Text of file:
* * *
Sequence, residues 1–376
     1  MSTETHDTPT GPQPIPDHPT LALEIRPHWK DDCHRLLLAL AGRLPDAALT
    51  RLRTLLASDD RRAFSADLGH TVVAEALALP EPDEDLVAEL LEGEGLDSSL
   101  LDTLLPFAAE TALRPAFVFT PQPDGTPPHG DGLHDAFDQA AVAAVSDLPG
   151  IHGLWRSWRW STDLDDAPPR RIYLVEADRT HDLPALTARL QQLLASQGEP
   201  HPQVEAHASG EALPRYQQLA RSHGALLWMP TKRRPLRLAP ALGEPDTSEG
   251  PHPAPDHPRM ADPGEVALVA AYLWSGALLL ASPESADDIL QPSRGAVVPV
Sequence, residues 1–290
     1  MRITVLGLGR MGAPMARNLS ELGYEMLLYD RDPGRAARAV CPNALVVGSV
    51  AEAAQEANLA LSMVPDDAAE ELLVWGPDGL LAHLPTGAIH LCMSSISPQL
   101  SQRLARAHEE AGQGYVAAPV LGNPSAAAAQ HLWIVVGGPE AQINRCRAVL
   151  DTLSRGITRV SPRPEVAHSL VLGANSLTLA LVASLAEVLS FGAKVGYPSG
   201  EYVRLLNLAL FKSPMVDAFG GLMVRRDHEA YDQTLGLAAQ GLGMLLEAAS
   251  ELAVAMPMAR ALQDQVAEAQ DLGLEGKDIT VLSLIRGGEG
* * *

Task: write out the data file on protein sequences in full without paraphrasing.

Sequence, residues 1–376
     1  MSTETHDTPT GPQPIPDHPT LALEIRPHWK DDCHRLLLAL AGRLPDAALT
    51  RLRTLLASDD RRAFSADLGH TVVAEALALP EPDEDLVAEL LEGEGLDSSL
   101  LDTLLPFAAE TALRPAFVFT PQPDGTPPHG DGLHDAFDQA AVAAVSDLPG
   151  IHGLWRSWRW STDLDDAPPR RIYLVEADRT HDLPALTARL QQLLASQGEP
   201  HPQVEAHASG EALPRYQQLA RSHGALLWMP TKRRPLRLAP ALGEPDTSEG
   251  PHPAPDHPRM ADPGEVALVA AYLWSGALLL ASPESADDIL QPSRGAVVPV
Sequence, residues 1–290
     1  MRITVLGLGR MGAPMARNLS ELGYEMLLYD RDPGRAARAV CPNALVVGSV
    51  AEAAQEANLA LSMVPDDAAE ELLVWGPDGL LAHLPTGAIH LCMSSISPQL
   101  SQRLARAHEE AGQGYVAAPV LGNPSAAAAQ HLWIVVGGPE AQINRCRAVL
   151  DTLSRGITRV SPRPEVAHSL VLGANSLTLA LVASLAEVLS FGAKVGYPSG
   201  EYVRLLNLAL FKSPMVDAFG GLMVRRDHEA YDQTLGLAAQ GLGMLLEAAS
   251  ELAVAMPMAR ALQDQVAEAQ DLGLEGKDIT VLSLIRGGEG